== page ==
10 Bone-Chilling Urban Myths (That Aren’t Really Myths)

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We all love a good scary story, but sometimes real life can only be so scary. Some of the creepiest tales are just pure fiction, like, say, urban myths. Those legends are guaranteed to creep out most kids, but luckily they’re not true. Well — with some exceptions…

Below is a list of a few urban myths that are actually based on reality. Scroll below for the creepily true urban myths and further explanation.

The Real Life Mummy in the Funhouse

In 1976, a camera crew was filming a television show inside a haunted house at the Nu-Pike Amusement Park in Long Beach, Calif. While setting up, they moved a “hanging man” prop aside, only for its arm to fall off, revealing real-life human bones inside. The body turned out to be that of criminal Elmer McCurdy who was killed in a shootout following a train robbery.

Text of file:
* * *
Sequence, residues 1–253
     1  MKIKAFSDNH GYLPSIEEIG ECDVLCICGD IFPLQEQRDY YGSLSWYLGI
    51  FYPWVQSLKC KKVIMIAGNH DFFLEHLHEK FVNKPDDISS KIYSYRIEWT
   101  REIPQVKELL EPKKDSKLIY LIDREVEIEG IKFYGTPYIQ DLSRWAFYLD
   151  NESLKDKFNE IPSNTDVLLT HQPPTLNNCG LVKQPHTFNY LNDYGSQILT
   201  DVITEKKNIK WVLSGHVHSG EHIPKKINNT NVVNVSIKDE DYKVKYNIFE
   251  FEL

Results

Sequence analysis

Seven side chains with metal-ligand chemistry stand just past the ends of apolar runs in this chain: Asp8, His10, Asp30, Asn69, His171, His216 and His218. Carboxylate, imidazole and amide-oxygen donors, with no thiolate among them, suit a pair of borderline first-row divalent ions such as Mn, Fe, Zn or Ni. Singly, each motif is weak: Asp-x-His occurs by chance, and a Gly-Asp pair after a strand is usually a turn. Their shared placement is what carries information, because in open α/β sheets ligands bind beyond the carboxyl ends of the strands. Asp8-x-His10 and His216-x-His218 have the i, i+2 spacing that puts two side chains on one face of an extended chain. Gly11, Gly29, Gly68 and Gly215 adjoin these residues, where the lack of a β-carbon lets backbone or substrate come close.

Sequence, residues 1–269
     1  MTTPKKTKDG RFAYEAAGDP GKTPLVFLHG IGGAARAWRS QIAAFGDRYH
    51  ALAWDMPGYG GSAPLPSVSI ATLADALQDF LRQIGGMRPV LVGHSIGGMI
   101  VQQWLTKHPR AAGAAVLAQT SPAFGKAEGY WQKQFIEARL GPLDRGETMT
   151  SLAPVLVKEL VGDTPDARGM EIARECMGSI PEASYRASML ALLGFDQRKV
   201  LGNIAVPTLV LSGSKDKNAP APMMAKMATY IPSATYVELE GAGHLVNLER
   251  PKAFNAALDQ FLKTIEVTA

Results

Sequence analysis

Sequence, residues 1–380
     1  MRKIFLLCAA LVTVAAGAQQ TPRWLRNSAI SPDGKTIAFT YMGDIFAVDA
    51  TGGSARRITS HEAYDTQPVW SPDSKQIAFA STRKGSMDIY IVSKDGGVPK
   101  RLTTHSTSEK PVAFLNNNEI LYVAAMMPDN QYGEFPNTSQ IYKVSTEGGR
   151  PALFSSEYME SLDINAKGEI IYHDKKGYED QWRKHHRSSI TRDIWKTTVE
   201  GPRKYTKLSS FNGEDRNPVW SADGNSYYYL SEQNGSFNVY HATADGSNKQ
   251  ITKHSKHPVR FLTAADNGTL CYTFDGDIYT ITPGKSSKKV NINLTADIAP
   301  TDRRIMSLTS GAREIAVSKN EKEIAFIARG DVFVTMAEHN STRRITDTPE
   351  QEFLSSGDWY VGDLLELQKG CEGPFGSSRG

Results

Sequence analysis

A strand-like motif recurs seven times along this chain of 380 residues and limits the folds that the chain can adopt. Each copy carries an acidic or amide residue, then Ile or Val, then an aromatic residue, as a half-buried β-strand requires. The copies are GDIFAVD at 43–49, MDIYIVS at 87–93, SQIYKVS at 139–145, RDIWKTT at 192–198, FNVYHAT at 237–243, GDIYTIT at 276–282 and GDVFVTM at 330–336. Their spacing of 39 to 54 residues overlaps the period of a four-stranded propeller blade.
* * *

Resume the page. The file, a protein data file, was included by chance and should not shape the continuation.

After he was shot, a funeral director put his embalmed body on display, since he was so proud of his work. Eventually, a pair of carnival promoters claiming to be McCurdy’s brothers took the corpse for themselves. McCurdy’s corpse popped up in many haunted houses across America before winding up in Long Beach.

A Call From A Loved One… After They’ve Died

In 2008, a California commuter train crashed into a freight train, killing 25 passengers inside. The family of Charles Peck, knowing he was on the train, waited to hear if he had survived. Multiple family members were called from Charles’s cellphone, which sent out 35 calls in total. Using his cellphone signal, they managed to find Peck, but he was long-dead from the impact. How those calls were made remains a mystery.